NEW YORK (AP) - Scarlett Johansson has pulled out of the film "Rub & Tug" after her plans to portray a transgender man prompted a backlash.
In a statement to Out.com on Friday, Johansson says she's withdrawing from the project "in light of recent ethical questions raised surrounding my casting." Last week, Johansson said she would star as Pittsburgh 1970s and '80s prostitution ring leader Dante "Tex" Gill, who was born Lois Jean Gill but identified as a man.
When transgender actors and advocates questioned the casting, Johansson initially responded with a statement that criticism "can be directed to Jeffrey Tambor, Jared Leto and Felicity Huffman's reps." All are actors who won acclaim for playing transgender characters.
"Our cultural understanding of transgender people continues to advance, and I've learned a lot from the community since making my first statement about my casting and realize it was insensitive," said Johansson, who added that she had "great admiration and love for the trans community."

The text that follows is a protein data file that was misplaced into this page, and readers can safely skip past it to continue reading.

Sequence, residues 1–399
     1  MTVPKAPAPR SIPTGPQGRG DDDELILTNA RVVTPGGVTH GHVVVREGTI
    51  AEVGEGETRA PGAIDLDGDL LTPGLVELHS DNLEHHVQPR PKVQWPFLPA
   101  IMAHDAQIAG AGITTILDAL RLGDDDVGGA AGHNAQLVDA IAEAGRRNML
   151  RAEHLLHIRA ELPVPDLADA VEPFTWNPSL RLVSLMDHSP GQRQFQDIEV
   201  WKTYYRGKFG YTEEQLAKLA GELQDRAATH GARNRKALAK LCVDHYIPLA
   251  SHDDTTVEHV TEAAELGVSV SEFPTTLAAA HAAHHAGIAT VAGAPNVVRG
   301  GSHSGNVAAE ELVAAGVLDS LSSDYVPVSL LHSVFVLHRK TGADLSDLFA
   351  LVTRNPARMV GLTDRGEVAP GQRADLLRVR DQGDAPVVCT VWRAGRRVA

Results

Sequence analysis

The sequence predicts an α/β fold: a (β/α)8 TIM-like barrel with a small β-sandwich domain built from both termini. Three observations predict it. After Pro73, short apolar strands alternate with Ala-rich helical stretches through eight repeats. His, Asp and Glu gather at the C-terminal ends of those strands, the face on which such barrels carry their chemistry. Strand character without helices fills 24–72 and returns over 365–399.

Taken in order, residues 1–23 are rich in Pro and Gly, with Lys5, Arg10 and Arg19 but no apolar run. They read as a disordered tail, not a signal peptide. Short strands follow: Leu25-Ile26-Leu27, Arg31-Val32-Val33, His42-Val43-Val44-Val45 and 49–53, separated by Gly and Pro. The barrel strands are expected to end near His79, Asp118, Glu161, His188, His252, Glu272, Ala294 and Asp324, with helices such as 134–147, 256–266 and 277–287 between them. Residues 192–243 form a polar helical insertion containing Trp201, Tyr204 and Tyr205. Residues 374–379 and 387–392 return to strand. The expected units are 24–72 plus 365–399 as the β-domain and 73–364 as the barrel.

"While I would have loved the opportunity to bring Dante's story and transition to life, I understand why many feel he should be portrayed by a transgender person, and I am thankful that this casting debate, albeit controversial, has sparked a larger conversation about diversity and representation in film," the actress added.
Johansson previously came under fire for playing an originally Asian character in the 2017 film "Ghost in the Shell." That film's director, Rupert Sanders, was set to also helm "Rub & Tug." It's not clear if the film, which Johansson was also producing, will go forward. A representative for Johansson didn't immediately respond to an email Friday.
New Regency, which was set to produce, also didn't immediately respond to queries.
Jen Richards, trans activist and creator of the web series "Her Story," praised Johansson for stepping down.
"If you're tired of hearing about it, you can't imagine how tired trans actors are of talking about it," Richards said on Twitter. "We just want to work. And with more trans and nonbinary people, of all kinds, participating, the work will be a better and richer representation of our world. This is a win."